1

How do I make this script search through all users' home folders and then rm -f the files matching EXT? Right now it's only deleting the files matching EXT in the current folder where I am executing the script.

#!/bin/bash
EXT=jpg
for i in *; do
  if [ "${i}" != "${i%.${EXT}}" ];then
    echo "I do something with the file $i"
    rm -f $i
  fi
done
4

Use bash's globstar option to recurse for you:

EXT=csv             ## for example
shopt -s globstar failglob
rm -f /home/**/*."$EXT"

(Assuming all your user's home directories are under /home). I've also set failglob so that if there are no matching files, the rm command is not run.

More generally, you could pull up your user's home directories with a shell loop:

shopt -s globstar failglob
for homedir in $(getent passwd | awk -F: '$3 >= 500 { print $6 }'|sort -u)
do
  rm -f "$homedir"/**/*."$EXT"
done

This runs on the assumption that you don't have any user home directories with spaces, tabs, or newlines in them.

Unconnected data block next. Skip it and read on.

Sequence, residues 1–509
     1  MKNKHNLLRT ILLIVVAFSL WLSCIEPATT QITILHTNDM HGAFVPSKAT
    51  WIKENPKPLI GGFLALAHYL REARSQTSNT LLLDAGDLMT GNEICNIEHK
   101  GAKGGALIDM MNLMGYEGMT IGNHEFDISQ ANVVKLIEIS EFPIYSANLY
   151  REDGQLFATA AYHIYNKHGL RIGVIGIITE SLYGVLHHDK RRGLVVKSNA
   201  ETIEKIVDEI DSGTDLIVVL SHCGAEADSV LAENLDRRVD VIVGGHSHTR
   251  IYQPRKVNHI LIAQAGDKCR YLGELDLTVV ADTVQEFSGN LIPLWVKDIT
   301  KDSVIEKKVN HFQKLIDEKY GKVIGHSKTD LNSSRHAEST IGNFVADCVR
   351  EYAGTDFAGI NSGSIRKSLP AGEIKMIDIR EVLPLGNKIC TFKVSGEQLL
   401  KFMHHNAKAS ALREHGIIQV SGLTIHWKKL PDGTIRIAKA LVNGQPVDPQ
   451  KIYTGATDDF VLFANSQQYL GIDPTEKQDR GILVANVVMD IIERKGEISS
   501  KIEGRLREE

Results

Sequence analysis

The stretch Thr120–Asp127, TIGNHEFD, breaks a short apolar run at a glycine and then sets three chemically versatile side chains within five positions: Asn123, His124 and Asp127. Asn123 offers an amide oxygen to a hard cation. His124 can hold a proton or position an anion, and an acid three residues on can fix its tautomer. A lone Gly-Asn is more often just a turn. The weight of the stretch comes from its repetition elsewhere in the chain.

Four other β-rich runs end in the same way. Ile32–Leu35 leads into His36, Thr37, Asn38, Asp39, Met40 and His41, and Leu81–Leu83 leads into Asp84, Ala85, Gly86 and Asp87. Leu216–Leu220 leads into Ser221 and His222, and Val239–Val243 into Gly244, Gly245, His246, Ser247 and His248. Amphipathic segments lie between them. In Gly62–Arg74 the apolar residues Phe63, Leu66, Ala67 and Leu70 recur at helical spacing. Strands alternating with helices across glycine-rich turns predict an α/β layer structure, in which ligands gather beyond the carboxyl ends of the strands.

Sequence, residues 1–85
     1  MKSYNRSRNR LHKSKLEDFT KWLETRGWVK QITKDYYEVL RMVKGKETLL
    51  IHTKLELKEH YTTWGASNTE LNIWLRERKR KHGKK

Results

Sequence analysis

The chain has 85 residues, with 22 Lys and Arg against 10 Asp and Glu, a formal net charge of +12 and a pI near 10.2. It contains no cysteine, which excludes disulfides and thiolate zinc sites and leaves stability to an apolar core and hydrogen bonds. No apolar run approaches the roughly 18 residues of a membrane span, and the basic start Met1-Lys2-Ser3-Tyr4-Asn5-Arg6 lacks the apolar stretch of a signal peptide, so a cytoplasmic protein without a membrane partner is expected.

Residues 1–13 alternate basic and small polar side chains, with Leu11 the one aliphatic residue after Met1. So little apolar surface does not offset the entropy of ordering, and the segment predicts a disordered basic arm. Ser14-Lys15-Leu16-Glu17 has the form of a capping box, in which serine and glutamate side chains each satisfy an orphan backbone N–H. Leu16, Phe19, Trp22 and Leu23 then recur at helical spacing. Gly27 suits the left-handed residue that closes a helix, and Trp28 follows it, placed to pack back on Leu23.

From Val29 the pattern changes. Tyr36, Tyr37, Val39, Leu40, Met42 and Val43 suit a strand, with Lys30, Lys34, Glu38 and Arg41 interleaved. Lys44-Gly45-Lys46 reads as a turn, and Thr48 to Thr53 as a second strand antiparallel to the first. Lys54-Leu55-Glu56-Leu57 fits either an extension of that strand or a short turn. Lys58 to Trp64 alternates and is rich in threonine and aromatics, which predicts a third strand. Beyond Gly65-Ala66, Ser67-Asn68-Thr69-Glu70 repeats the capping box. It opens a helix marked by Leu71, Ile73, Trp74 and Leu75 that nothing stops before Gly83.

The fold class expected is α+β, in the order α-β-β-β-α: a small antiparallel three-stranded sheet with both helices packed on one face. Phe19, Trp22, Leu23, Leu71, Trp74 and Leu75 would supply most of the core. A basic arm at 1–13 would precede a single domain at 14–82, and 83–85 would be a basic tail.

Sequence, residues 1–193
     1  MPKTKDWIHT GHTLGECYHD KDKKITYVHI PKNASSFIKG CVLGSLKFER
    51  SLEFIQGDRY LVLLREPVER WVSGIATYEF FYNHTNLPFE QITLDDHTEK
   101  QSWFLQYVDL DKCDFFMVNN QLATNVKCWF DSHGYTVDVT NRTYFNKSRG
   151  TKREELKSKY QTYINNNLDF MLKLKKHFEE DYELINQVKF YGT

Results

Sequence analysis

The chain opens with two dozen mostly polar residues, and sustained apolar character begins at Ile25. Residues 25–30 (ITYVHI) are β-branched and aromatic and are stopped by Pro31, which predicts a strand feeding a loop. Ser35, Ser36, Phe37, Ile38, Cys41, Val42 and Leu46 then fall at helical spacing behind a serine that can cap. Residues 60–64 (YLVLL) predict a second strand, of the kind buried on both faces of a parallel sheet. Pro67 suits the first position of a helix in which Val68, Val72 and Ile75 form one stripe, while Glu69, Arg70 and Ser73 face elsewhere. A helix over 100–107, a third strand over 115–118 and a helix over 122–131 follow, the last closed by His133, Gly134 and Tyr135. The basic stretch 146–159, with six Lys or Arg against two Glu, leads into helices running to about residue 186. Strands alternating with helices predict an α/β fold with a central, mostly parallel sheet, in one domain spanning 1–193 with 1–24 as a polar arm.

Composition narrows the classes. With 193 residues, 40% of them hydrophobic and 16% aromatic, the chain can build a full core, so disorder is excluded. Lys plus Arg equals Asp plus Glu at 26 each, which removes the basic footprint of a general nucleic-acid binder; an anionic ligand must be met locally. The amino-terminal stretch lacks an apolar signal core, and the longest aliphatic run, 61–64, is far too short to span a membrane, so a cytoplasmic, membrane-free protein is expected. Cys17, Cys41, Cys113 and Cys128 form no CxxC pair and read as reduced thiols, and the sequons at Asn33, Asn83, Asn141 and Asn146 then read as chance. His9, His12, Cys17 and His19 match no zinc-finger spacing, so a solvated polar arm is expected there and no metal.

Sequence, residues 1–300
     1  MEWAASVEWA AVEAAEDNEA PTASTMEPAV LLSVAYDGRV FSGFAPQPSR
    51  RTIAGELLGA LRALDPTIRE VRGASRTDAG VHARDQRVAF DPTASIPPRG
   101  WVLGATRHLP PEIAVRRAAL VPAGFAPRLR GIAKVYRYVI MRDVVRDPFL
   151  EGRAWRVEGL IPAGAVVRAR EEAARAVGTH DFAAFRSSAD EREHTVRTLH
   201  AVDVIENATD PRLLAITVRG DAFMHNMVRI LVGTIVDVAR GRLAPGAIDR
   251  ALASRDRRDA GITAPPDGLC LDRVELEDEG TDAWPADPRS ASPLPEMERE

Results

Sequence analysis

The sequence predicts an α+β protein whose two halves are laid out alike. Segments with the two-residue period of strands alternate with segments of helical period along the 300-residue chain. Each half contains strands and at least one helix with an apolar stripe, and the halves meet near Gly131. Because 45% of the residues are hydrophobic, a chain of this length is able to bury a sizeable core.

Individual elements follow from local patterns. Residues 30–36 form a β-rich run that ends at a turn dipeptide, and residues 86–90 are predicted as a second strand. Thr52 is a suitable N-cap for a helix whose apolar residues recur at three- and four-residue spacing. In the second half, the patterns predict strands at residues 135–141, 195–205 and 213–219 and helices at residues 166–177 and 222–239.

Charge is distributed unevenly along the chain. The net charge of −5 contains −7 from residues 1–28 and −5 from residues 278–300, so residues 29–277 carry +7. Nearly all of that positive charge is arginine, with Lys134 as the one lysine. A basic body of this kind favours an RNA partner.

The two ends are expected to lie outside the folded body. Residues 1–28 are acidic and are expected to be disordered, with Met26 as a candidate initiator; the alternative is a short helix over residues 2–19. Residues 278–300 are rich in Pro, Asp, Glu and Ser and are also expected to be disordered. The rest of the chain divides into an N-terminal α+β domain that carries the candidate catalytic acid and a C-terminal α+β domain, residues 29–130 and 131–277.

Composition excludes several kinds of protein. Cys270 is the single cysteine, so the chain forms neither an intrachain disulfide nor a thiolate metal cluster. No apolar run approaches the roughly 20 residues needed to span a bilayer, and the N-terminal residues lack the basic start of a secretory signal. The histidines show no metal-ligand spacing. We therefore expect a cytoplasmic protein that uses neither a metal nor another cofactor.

| improve this answer | |
  • Thanks! How would that fit into the first script I posted above? – Saith Jan 15 '18 at 17:51
  • I would consider replacing it, depending on what extensions you're interested in -- you could loop over them as well. – Jeff Schaller Jan 15 '18 at 17:56
  • @JeffSchaller According to this, usernames should not contain spaces. – Isaac Jan 15 '18 at 20:45
  • @isaac It wouldn’t be the usernames, as I’m printing the home directories. I’ve never seen a home directory with a space in it, but it’s possible. – Jeff Schaller Jan 15 '18 at 20:58
  • 1
    Agreed that username may not have spaces, but /ho me/ (or its substitute) might. – Jeff Schaller Jan 15 '18 at 21:25
0

To test:

find /home/ -name '*.txt' -exec ls -l {} \;

To actually remove:

find /home/ -name '*.txt' -exec rm -f {} \;

Of course replace 'txt' with what you need.

| improve this answer | |

Not the answer you're looking for? Browse other questions tagged or ask your own question.